In the past eight months, I’ve gone on two vacations in Europe with coworkers from two different jobs. The first trip was to France with a coworker I call a close friend and the second was to the UK with two coworkers whom I had met only recently at a new job. Despite the different circumstances, I wouldn’t take back either trip.
Going on vacation with your coworkers might not be the first thing that comes to mind when you consider using your valuable vacation days. But why shouldn’t it be? If the circumstances are aligned, why not give vacation with your coworkers a try?
If you want to travel, don’t want to go alone, and don’t have friends willing to go to the same location at the same time, going on vacation with your coworkers might be a great alternative. Here’s why:
You already spend most of your time at work. Why not switch up the surroundings?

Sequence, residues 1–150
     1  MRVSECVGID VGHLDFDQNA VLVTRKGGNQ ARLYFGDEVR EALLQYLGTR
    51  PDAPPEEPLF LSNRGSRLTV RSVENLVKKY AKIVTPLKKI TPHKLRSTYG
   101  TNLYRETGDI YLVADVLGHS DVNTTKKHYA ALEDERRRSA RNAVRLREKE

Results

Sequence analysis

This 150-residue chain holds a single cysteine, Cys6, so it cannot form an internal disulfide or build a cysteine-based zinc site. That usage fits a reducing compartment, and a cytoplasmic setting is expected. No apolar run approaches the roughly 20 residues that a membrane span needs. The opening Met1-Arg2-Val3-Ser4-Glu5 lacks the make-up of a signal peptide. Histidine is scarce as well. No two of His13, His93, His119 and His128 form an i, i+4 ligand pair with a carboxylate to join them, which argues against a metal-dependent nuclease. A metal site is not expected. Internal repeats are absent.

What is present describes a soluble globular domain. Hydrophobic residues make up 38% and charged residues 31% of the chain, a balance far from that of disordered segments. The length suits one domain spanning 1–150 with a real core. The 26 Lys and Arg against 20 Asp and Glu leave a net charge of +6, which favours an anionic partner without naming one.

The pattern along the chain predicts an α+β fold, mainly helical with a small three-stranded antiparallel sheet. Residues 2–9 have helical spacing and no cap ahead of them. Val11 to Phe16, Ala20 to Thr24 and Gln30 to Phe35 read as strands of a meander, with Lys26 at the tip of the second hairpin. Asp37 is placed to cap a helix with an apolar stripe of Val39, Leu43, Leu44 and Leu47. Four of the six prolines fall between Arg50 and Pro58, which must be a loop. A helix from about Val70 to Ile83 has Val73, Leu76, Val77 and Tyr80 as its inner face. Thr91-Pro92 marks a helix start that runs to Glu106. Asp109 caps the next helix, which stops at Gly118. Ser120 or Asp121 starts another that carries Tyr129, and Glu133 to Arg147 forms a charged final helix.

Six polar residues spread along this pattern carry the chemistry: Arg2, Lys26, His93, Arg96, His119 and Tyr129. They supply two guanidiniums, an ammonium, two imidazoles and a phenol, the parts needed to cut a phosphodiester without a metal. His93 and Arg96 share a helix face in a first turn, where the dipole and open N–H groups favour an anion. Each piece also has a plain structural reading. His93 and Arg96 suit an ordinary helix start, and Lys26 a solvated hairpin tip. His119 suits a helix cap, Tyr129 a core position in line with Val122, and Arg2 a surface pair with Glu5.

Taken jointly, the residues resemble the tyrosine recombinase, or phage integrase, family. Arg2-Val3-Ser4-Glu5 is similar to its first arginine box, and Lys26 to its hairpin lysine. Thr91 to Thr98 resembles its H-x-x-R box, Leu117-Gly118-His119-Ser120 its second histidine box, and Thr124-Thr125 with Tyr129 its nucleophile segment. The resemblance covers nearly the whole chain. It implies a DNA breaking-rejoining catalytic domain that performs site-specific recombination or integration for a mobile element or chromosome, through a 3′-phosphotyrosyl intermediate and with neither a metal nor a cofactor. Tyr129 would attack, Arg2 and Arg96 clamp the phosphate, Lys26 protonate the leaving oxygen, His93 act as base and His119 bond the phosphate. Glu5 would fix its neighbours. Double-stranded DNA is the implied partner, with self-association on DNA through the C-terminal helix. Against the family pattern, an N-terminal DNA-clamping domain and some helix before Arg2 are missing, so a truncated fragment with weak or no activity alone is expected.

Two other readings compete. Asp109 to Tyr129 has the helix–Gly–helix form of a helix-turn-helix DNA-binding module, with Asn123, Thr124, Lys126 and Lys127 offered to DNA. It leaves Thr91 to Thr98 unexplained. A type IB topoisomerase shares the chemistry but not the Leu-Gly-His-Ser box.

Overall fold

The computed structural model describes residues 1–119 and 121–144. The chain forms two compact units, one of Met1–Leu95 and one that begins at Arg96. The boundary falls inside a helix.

You spend 40+ hours a week at work with your coworkers. If you’ve bonded in any way, why not take a vacation together?
My trip last year to France started after my coworker and I bonded over our mutual love of France, pastries, and speaking French. We talked for a couple of months about wanting to see different regions of the country and decided one day to just book a trip. 10 days of eating our way through France later and we are closer than ever!
My most recent trip to Europe this spring happened as a result of three of us figuring out we all shared April birthdays. Two of them were already planning on going somewhere and they kindly invited their new colleague (me!) along for 10 days in England, Ireland, and Scotland. Turns out, three female coworkers can travel together and still get along after the trip!
Nothing says teamwork like navigating a foreign country together